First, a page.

October 4, 2010

MORAL CODEBOOKS:

Comic book collector learns fine art of letting go (MARTHA IRVINE, 10/03/2010, AP)

One of the 10 comic books Alaniz is holding on to is the one that started his obsession in rural south Texas in 1974: “Marvel Two-in-One Presents The Thing and The Guardians of the Galaxy.”

He’s not really sure why his mom bought it for him. Maybe it was because his older brother had comic books.

“For him, they were kind of a diversion,” Alaniz says. “For me, they became much more than that.”

Many nights, he would lay in his bedroom, alone, devouring each issue his mother bought for him. She only spoke Spanish, couldn’t read them herself. But they kept her younger son out of trouble, he says, and she liked that.

Even if she didn’t realize it, she also was introducing him to a whole new world, one that would teach him English and how to read. The comic books even helped instill an understanding of right and wrong, he says, a “moral code” he carries with him to this day.

They also helped him make sense of his brother, whom he looked up to but whose bursts of anger and run-ins with the law confused him. Was it any wonder, Alaniz now says, that the Hulk, who exhibited both reason and rage, was the character who most fascinated him?

“I realized there was something very special going on here,” says Alaniz. “This was not something to just read and throw away.”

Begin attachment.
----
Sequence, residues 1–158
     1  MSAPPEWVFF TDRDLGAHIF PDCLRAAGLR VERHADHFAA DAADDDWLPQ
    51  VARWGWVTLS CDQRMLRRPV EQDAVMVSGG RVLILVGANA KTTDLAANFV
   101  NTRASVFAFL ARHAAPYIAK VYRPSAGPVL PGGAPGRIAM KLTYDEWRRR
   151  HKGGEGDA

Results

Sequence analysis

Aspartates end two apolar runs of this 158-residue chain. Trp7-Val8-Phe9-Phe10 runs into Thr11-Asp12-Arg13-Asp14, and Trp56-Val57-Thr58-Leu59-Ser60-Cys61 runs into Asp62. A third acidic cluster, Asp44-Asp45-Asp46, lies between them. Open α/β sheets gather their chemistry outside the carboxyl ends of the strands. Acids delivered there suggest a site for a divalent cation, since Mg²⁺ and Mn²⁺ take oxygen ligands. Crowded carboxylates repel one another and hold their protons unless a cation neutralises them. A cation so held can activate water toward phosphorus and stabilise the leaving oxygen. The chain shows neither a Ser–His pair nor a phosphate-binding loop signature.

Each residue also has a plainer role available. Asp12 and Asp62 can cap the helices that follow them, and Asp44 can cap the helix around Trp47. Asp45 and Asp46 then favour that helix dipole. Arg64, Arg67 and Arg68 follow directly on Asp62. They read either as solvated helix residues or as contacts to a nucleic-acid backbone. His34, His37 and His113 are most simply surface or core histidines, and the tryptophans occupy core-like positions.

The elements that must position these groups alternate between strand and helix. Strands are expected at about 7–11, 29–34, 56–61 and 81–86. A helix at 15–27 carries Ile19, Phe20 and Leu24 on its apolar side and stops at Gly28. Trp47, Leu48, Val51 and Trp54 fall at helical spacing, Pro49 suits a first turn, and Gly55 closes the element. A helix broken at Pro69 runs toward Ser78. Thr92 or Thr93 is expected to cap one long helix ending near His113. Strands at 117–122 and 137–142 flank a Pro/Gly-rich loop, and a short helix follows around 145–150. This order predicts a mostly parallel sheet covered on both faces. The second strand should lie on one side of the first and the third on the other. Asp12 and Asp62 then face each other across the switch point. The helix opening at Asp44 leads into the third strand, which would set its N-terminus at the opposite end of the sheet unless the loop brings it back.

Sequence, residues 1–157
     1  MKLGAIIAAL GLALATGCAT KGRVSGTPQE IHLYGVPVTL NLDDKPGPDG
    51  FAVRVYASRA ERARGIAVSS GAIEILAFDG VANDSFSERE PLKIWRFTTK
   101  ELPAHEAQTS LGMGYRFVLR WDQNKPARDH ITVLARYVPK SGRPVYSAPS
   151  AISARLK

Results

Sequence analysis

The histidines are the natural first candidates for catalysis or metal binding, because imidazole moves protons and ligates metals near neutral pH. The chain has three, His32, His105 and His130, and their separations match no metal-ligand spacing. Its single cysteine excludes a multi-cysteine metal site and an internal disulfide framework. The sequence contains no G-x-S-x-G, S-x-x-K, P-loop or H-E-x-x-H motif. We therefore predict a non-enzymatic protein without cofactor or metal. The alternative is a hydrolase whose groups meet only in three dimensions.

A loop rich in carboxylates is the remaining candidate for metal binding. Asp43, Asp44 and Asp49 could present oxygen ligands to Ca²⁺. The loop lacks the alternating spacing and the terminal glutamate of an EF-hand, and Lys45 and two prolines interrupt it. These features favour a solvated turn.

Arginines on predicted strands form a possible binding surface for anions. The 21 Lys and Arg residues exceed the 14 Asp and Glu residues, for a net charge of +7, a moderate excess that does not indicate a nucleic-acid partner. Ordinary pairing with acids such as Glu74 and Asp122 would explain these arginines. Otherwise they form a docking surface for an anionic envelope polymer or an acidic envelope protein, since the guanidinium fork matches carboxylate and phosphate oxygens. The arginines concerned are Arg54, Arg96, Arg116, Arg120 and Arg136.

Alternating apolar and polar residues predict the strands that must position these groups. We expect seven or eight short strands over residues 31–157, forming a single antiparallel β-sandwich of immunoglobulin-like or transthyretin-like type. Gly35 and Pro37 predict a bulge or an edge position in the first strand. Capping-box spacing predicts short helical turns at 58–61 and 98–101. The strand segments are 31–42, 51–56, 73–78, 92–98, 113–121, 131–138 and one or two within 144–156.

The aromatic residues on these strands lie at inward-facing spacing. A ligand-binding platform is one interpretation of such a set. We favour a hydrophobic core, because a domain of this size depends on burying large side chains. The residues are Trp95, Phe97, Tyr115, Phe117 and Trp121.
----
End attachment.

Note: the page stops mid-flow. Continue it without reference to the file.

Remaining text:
Sal Buscema, a longtime artist for Marvel Comics who worked on the Hulk series, always knew there were kids out there who were devouring his work and that of other comic artists and writers.

Those kids wrote fan letters, some that were published in the comics. But Buscema could not have predicted that some of them would help propel his work into special collections, as Alaniz and others have done. That still amazes the 74-year-old artist, who lives outside Washington, D.C., and still works for Marvel.

In the early days, “If you were a serious artist, you certainly didn’t go into comic books,” Buscema says. “That changed over the years to a point now where we are extremely respected, something I never dreamed would happen when I got into the industry in 1968.”

He’s never met Alaniz, a professor of Slavic languages and literature at the University of Washington who’s among a growing corps of scholars who are teaching university-level courses on comic books.

But Buscema has met many like him.

“I’m so glad there are people like him out there because they kept me in business,” Buscema says, laughing. “I’m joking — I really do appreciate what he has done.”

Posted by Orrin Judd at October 4, 2010 6:24 AM
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